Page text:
I think I will drop out of this discussion re Amalia,it must be painful for Carol to read it all again,
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PostSubject: Re: Jim makes Diana's blood boil   Sat Jun 18, 2011 4:40 am

Hello Jim, I've been following these threads that you've been involved in. I hope all the questions don't chase you away.

Serend wrote:
I don't feel a need for explanation of these events, particularly those regarding Amalia. I get the feeling that you and others on the forum want to dissect this event

I think it's normal, considering the severity of the claims made about what happened to Amalia at North Cascades (according to her account she became so ill that her life was in danger), to want to enquire about those events. Why not throw a few questions to Rev Koshin? What harm could it do? I also don't understand why you wouldn't want to know more about the circumstances around the severance of North Cascades Priory from the OBC. That is your wider sangha that you are leaving and, in Buddhism, Sangha is an important thing; one of the Three Jewels.

I don't think that Buddhism requires the eradication of a bright, sharp and questioning mind.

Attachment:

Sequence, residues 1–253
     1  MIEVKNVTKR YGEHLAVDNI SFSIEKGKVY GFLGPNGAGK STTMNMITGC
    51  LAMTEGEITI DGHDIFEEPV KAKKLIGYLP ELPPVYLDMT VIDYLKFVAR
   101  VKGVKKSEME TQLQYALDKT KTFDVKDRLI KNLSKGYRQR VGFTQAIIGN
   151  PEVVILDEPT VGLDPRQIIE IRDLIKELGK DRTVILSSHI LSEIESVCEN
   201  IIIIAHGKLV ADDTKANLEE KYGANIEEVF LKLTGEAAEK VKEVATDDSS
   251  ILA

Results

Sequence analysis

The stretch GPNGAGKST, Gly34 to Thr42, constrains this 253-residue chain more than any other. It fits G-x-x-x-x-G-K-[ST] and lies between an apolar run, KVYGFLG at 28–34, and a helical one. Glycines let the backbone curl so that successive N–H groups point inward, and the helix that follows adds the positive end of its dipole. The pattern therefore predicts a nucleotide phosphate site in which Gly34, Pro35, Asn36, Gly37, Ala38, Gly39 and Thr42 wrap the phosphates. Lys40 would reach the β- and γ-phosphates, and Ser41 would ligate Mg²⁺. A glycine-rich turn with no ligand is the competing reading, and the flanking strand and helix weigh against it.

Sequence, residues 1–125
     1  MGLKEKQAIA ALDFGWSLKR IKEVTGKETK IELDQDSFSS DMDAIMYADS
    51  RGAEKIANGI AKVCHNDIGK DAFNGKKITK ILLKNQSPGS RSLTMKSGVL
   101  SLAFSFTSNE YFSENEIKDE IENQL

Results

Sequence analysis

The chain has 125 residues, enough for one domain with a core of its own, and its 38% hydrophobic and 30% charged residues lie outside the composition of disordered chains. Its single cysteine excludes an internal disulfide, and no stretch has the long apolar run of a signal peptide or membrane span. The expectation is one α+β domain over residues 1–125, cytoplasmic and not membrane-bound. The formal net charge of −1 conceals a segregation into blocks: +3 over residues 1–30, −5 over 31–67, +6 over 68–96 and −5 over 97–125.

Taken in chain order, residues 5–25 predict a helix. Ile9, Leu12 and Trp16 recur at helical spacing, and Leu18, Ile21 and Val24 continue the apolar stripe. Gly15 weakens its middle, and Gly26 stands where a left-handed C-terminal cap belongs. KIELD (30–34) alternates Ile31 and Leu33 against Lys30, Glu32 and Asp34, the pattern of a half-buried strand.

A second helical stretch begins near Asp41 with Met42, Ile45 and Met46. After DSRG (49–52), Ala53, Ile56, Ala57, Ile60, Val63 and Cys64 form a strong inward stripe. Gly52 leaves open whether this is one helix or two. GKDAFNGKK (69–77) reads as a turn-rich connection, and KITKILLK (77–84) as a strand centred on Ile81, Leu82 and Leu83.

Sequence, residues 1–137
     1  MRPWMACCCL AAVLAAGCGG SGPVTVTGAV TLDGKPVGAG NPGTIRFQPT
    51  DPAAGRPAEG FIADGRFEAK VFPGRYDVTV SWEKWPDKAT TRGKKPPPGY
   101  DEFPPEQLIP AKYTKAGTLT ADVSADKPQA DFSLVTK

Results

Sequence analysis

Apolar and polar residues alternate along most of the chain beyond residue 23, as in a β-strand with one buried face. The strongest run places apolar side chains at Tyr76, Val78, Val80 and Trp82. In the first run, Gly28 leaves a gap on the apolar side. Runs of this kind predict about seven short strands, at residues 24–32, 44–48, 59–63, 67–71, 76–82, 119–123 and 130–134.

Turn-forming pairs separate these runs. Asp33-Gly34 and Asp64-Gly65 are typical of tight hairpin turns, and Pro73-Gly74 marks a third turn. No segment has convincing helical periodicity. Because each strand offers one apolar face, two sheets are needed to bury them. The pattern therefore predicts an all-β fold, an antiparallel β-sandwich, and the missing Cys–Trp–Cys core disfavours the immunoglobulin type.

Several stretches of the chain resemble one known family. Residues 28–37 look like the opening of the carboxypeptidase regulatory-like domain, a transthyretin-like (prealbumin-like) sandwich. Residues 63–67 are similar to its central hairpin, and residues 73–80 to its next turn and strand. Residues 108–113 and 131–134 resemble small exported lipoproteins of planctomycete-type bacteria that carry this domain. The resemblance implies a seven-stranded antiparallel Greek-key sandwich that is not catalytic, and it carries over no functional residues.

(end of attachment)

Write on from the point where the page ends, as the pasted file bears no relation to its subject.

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PostSubject: Re: Jim makes Diana's blood boil   Sat Jun 18, 2011 10:31 am

Serend wrote:

If getting to the bottom of all this and making it public is so important, as you imply, please help me understand why? The consensus of this forum seems to be that NCBP is not to be trusted, that the OBC is fatally flawed, and that people are advised to train elsewhere, if at all.

with bows,
Jim

Jim,

Lise expressed many of my own feelings in her reply to you so I won't repeat them. I would only add that a sincere effort to "get to the bottom of all this" would have many beneficial effects including changing the negative perception of NCBP that many hold.

You wrote elsewhere about allowing karma consequence to be the vehicle that holds people responsible (I paraphrase). While I agree there is karmic consequence i also believe that, in the spirit of Buddhist training, we should get out in front and make things right whenever possible. We can put the focus on healing and reconciliation, not on judgement and blame.
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PostSubject: Re: Jim makes Diana's blood boil   Sat Jun 18, 2011 11:32 pm

I'd sort of like to follow chisanmichaelhughes and drop out of this discussion.

Let me say that it is quite apparent that mistakes were made at NCBP concerning Amalia's training. Monks made mistakes and, I presume, Amalia made mistakes. Healing and reconciliation, if they are to occur, will do so with those who were involved. Those of us who were not involved don't need to be healed or reconciled, as I see it.